Mar 102015

On March 4, 2015, the Town of Hudson formally agreed to pay $37,500, be subject to a permanent consent order, and conduct further police training on the terms of the permanent consent order to settle a lawsuit filed by Jeff Pendleton, a poor and homeless ACLU client.  In the lawsuit, the ACLU presented evidence that the Town of Hudson was engaging in an unconstitutional practice of detaining, harassing, threatening, dispersing, and citing peaceful panhandlers in violation of the First, Fourth, and Fourteenth Amendments to the United States Constitution.

As explained in the lawsuit, from March 2011 to March 2014, at least 12 Hudson police officers in at least 18 separate incidents instructed panhandlers that panhandling was illegal or that a permit was required to panhandle.  These panhandlers were then told to be “on their way,” and at least two panhandlers – including Mr. Pendleton – were cited and directed to go to court.  However, there is no state or town law that makes panhandling in public places illegal or requires a permit for this form of peaceful expressive activity.  And if there was, it would violate the First Amendment.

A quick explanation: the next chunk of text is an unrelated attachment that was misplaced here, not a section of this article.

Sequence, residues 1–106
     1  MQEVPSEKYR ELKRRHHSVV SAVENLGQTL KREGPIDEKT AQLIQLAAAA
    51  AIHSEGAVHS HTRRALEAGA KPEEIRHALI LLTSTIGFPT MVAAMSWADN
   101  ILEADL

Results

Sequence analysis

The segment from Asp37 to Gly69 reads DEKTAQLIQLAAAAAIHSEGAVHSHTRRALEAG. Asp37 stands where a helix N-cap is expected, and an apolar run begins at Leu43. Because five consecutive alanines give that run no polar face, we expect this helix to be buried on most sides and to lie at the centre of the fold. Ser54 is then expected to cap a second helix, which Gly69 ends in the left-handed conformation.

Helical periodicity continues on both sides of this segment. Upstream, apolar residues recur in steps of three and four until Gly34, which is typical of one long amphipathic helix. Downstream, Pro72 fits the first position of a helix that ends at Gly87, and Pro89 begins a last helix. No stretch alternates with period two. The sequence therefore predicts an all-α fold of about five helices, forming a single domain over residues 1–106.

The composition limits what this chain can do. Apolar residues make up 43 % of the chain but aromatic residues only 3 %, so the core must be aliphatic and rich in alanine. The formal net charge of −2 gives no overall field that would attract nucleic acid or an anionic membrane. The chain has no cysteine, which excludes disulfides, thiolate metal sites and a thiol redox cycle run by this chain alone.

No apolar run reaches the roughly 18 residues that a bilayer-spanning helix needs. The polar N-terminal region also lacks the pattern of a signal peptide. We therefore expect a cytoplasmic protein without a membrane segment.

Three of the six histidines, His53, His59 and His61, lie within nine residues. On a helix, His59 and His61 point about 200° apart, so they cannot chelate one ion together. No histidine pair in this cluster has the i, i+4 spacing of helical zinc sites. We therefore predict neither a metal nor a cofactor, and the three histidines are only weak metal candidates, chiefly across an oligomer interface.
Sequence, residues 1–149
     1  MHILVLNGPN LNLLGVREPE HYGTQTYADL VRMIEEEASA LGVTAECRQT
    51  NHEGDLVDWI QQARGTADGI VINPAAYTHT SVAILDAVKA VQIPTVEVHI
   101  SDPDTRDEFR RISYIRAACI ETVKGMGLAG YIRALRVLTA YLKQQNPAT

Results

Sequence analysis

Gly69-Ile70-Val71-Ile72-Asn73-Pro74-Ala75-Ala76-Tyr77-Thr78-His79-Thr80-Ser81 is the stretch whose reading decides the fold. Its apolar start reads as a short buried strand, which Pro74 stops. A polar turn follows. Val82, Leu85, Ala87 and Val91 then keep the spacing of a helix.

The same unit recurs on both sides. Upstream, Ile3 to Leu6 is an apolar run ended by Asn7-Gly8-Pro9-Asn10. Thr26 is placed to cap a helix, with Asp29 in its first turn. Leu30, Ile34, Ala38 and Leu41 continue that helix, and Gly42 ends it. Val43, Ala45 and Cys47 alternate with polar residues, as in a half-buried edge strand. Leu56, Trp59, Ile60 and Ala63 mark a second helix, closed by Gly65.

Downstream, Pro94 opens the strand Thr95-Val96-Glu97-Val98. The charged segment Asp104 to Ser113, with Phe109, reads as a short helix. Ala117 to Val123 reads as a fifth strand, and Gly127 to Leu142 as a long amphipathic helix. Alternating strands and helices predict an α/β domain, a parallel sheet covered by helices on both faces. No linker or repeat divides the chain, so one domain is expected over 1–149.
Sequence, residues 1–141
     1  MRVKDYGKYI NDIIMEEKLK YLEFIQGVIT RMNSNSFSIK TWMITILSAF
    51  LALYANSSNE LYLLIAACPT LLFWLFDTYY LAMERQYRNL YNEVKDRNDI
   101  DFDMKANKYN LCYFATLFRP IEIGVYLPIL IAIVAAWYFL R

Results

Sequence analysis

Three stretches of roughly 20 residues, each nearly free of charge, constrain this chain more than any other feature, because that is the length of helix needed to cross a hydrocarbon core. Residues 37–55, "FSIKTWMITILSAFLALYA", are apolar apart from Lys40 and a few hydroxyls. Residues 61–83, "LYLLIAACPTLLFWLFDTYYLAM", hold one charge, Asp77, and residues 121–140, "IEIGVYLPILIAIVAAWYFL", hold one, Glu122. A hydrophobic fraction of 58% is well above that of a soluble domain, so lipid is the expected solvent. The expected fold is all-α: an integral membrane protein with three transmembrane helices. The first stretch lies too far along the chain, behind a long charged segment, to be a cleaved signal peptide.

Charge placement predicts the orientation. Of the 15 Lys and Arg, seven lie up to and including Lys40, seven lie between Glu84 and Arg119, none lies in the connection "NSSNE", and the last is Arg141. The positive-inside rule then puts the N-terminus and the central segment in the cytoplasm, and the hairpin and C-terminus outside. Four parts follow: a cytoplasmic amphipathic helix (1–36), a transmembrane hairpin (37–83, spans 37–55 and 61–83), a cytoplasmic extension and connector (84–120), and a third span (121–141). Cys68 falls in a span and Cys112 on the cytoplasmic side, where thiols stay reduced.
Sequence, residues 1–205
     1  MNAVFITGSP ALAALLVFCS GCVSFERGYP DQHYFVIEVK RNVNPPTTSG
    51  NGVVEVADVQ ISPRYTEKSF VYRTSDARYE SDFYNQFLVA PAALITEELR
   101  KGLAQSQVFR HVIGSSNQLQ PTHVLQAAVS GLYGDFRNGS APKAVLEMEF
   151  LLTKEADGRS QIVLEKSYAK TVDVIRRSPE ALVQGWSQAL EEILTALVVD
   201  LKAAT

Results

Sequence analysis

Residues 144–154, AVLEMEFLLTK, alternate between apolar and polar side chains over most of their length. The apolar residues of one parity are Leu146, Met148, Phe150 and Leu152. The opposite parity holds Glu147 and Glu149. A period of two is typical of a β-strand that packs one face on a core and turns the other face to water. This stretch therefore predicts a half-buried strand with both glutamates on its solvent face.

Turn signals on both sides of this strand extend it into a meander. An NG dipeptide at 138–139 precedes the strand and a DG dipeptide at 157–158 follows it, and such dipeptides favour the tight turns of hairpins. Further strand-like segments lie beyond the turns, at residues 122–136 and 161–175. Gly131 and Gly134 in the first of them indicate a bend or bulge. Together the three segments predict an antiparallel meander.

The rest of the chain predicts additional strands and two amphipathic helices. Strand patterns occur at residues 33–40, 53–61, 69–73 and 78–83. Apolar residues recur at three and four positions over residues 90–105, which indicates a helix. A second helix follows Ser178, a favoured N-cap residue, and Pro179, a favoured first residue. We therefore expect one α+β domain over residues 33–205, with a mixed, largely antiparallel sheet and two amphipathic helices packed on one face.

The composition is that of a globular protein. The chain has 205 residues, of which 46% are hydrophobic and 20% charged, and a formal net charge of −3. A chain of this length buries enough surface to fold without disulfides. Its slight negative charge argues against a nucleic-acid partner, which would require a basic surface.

As alleged in the lawsuit, Hudson’s practices were also targeted at the poor and homeless, like Mr. Pendleton.  For example, while the Hudson police department cited Mr. Pendleton for engaging in peaceful solicitation, the police department decided to allow the Hudson fire department to engage in the same form of solicitation for charity in public places without any repercussions.

“This case is a successful example of our battle to enforce citizens’ First Amendment rights,” said Gilles Bissonnette, Legal Director for the ACLU of New Hampshire.  “This includes the right of all citizens, whether it be a poor person panhandling or a firefighter soliciting for charity, to peacefully engage their fellow citizens in public places.  It is important that police remember that they cannot prosecute citizens for simply holding a sign in a public place or peacefully asking one’s fellow man for a donation.  While some dislike peaceful panhandling speech, how we value the First Amendment is put to the real test when the speaker is someone we dislike or disagree with.”

“This is a fair agreement for all sides involved.” Bissonnette continued.  “Mr. Pendleton is compensated for his damages, a permanent consent order will be issued, and the Hudson police department will undertake further training.”  The Town denies wrongdoing in the settlement agreement.

 March 10, 2015  Tagged with: